Why I Take Communion


Every month Patheos website hosts a blog series in which participants respond to a specific question.  This month’s question was: Why Do You Take Communion?  I don’t always have time to participate but love to read the responses.  This month, because communion is so important to me I knew I had to make time for it.  Here is the post from Patheos with links to all the responses.

Bread and wine. Ordinary elements that take on extraordinary meaning in the Christian sacrament of Communion. Depending on your tradition, the bread and wine literally become the body and blood of Christ, or more symbolically express our deep connectedness to the person and ministry of Jesus. In every case, this central act of our faith is one that holds great mystery, again and again. On the occasion of World Communion Sunday, celebrated in many churches the first weekend in October, we decided to invite some of our favorite bloggers to reflect on what communion means to them. Specifically, we asked them to consider: “Why I Take Communion” . . . and as usual, we asked them to do it 100 words or less. Their responses follow.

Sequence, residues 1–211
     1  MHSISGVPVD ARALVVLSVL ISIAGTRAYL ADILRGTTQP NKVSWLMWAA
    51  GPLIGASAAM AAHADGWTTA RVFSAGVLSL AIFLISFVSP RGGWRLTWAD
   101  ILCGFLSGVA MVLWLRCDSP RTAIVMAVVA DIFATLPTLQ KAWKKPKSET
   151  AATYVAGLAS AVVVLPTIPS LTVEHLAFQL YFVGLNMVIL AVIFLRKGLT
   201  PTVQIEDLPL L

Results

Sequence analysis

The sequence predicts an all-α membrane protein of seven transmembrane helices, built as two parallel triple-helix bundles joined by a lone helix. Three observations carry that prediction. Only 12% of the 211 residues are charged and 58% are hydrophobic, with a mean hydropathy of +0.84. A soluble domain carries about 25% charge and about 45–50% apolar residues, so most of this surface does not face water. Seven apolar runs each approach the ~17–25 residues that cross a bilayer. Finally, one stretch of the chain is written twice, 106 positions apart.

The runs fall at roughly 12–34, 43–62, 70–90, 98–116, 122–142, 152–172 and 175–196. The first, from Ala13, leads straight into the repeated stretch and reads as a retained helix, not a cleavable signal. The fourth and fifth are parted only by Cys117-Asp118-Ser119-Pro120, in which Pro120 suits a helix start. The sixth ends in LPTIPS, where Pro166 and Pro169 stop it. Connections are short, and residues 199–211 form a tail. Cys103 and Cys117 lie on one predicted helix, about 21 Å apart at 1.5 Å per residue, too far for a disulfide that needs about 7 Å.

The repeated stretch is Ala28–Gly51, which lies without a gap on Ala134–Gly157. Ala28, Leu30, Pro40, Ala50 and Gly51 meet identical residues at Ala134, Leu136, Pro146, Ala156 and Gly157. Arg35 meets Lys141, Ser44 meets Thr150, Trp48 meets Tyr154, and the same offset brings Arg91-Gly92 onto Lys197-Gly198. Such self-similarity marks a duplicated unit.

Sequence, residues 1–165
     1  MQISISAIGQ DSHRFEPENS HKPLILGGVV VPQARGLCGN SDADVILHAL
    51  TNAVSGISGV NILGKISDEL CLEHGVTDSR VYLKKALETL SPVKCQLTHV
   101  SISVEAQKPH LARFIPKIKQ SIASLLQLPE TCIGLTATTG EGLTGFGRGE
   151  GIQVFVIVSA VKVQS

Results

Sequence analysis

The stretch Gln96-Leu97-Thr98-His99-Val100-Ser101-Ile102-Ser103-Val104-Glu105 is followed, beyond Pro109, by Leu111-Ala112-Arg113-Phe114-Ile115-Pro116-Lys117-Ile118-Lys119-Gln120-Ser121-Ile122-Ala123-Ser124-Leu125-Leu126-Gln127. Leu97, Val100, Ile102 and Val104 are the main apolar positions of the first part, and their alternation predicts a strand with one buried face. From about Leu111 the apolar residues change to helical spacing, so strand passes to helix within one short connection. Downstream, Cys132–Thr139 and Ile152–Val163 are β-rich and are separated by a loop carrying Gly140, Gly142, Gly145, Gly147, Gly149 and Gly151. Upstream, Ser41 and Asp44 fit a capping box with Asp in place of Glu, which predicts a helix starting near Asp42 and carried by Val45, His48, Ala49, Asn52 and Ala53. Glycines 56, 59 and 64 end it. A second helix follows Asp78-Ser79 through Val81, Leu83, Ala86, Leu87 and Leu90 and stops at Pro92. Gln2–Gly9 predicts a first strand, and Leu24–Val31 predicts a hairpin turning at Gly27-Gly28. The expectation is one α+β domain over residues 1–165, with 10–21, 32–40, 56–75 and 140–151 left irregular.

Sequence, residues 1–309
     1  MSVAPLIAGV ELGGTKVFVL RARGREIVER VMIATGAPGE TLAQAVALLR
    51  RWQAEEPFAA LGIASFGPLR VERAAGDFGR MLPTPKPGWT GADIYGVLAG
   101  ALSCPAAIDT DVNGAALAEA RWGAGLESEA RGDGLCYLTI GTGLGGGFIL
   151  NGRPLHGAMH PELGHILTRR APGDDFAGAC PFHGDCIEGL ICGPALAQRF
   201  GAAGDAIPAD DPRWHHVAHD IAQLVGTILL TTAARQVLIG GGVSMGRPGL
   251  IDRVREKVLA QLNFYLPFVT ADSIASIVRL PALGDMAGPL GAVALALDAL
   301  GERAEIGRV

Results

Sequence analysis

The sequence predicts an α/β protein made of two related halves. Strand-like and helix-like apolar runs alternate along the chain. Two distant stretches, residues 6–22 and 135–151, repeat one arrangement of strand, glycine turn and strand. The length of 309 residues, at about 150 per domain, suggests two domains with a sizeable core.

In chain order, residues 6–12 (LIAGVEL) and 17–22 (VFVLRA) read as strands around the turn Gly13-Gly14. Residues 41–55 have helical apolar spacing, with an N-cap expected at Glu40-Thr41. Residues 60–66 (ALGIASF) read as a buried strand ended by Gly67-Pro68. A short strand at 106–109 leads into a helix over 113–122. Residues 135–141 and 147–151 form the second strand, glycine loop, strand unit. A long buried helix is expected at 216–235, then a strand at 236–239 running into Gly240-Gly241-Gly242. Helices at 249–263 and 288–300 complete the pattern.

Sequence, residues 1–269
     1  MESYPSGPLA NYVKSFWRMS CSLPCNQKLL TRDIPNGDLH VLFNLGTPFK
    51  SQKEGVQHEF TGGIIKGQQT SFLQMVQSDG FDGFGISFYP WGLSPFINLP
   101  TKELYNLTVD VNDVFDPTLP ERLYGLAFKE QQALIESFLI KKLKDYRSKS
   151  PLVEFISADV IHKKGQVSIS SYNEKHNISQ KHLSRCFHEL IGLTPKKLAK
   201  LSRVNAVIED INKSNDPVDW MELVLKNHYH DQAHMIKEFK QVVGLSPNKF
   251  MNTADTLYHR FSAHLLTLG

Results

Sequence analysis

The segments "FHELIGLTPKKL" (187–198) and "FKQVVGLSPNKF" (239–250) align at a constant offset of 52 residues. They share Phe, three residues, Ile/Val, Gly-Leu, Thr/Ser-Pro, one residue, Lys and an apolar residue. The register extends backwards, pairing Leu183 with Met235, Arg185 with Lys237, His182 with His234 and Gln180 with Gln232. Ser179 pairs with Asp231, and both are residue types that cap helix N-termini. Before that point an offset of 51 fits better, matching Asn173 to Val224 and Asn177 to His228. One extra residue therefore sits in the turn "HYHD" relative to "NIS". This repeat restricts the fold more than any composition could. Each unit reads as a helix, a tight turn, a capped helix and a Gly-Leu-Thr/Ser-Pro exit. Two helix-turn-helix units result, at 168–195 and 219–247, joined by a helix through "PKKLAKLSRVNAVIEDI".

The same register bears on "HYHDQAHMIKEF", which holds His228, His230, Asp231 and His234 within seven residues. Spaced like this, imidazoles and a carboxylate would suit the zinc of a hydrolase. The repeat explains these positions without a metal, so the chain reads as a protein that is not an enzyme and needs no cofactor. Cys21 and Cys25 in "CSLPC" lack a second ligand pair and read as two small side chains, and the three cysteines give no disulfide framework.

Our responders:
Danielle Shroyer, author and Pastor of Journey Church in Dallas, TX
Crystal Lewis, author and student at Wesley Theological Seminary
Bruce Reyes-Chow, Pastor of Mission Bay Community Church and former PC(USA) Moderator
Monica Coleman, Associate Professor of Constructive Theology and African American Religions at Claremont School of Theology
Steve Thorngate, Assistant Editor at The Christian Century Magazine
Amy Julia Becker, author and student at Princeton Theological Seminary
Carl Gregg, Pastor of Broadview Church in Calvert County, MD
Christine Sine, co-founder and Executive Director of Mustard Seed Associates
Bruce Epperly, Professor of Practical Theology at Lancaster Theological Seminaryand co-pastor of Disciples United Community Church in Lancaster, PA

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